On your first point, I would point out that I certainly was not suggesting that a for-profit organization is, simply its nature, “more effective or efficient at how it turns resources into something worthwhile” than a nonprofit can be.

What I was suggesting is that nonprofit organizations that operate with the kind of financing strategy and income-source development activities that you recommend are, in fact, acting more “businesslike” or operating more like for-profit organizations, because no for-profit business would be operated in any other fashion. Otherwise, they, too, would fail!

Keep up the good work! Thanks for the opportunity to chime in on this subject.

Angelina Musik
January 1, 2010

For a decade my husband and I have been working with social entrepreneurs, corporate companies and even launched http://MOMtrepreneurs.com as our own.

This past December we launched the Red Dress Society’s ‘Angel’ award process to provide an opportunity for women behind social causes to be nominated/recognized and then demonstrate their assertiveness behind their passion as part of the judging process.

One of our goals is to make the process of matching donors with progressive causes that embrace change, technology and view funding opportunities from an ROI perspective, instead of the ‘beggar’ for more donations mentality.

Our first event was in San Antonio, Texas and our next four events are in Portland, Seattle, then Tampa Bay & Miami.

Nominate a woman behind a social cause here http://TheRedDressSociety.com

Vipul
June 24, 2010

Totally agree Nell. Fundraising poses a lot of limitations on the operations. Financing will have to be the new mantra and the way to go.

[...] Financing, Not Fundraising [...]

Olayinka
July 4, 2011

This piece is really thought provoking. Fundraising tends to box you into a corner. Having to align your project to donors vision and discard it when you have finished spending the money. Financing strategy is the way to go but then this shift will take time to mature.

Nell Edgington
July 4, 2011

Olayinka,

I absolutely agree, this approach definitely takes time. But I believe that nonprofits really don’t have a choice. The status quo is a dead end.

Ron
July 5, 2011

Interesting! This is not a new concept and the more progressive non-profits have been working on this for many years with limited success. Yes, it will take time, but I believe a change in philosophy is needed not only within the staffing of these organizations but by the large volunteer base. It is a culture change that is needed and this can only successfully be initiated by strong focused leadership – staff and volunteer leadership.
The term “non-profit” is totally misleading. Without “profit” (revenue exceeding expenses) no non-profit can fulfill its mission. Leaders in this industry have to think like business leaders and entrepreneurs if they are to make an impact on the fortunes and success of these organizations. Focus on the mission is critical. This focus needs to drive a strategy which can clearly demonstrate to potential “investors” the “return” they will get from their “investment” in the mission. Not an easy task, but attainable.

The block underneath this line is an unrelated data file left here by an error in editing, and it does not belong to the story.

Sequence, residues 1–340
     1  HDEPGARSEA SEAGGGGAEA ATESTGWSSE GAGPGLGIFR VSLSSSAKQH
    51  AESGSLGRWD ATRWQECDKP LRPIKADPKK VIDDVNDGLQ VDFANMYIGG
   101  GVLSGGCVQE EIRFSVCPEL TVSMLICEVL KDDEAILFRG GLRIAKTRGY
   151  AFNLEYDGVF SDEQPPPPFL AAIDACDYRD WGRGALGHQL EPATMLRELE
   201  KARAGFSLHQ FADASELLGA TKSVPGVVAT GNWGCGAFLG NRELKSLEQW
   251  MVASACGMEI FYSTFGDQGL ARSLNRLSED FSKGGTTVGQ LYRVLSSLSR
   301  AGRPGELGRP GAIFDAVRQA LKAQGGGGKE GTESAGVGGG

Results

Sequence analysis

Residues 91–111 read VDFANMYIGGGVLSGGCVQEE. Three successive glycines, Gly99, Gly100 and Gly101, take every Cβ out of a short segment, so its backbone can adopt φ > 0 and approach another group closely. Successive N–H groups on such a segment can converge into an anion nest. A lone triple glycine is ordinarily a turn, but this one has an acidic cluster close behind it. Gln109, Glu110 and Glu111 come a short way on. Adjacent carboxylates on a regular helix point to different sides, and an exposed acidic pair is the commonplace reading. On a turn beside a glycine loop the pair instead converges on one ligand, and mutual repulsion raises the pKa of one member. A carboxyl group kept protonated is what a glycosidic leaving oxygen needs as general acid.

This is just a sample on my thoughts and research on this sector.

Nell Edgington
July 5, 2011

Thanks Ron. It is definitely a culture change, let’s hope it takes hold!

Mary Kuria
October 13, 2011

This is great piece, very encouraging. It is not fair for organisations to ‘beg’ for funds to undertake what should be everyone’ s responsibilities.

As fundraisers we need to convince our investors that the return to their funds are worth their investments.

I believe we need to be better at marketing our products, with no apologies.

Great work and good luck

Nell Edgington
October 13, 2011

Thanks Mary. I absolutely agree, we need to move from begging to marketing around the social return on investment, with no apologies.

Jonathan Howard
November 29, 2011

Great series. I totally agree we consultants need to refocus clients on their whole financing picture. I have mixed feelings about the title “Financing Not Fundraising.” It’s a solid, challenging heading for the series, yet to most of us, a focus on individual giving, as you recommend, is the essence of traditional “fundraising,” even when we use, as many already do, a social investment case for giving. It might be more apt, if less striking, to say “Financing AND Fundraising.”

Nell Edgington
November 30, 2011

Jonathan,

I’m not arguing at all that nonprofits should “focus” on individual giving, rather I’m arguing that they see individual giving as one possible revenue stream in an expanded, diversified and more sustainable overall financing plan for their organizations. To me, traditional fundraising is a very narrow, exhausting, low-return series of activities that results in nonprofits continuing to live in a starvation cycle. Financing, on the other hand, encourages nonprofits to break free from that cycle and develop a strategic, thoughtful, systematic way to bring enough money in the door to reach their goals.

[...] Financing not Fundraising, by Social Velocity [...]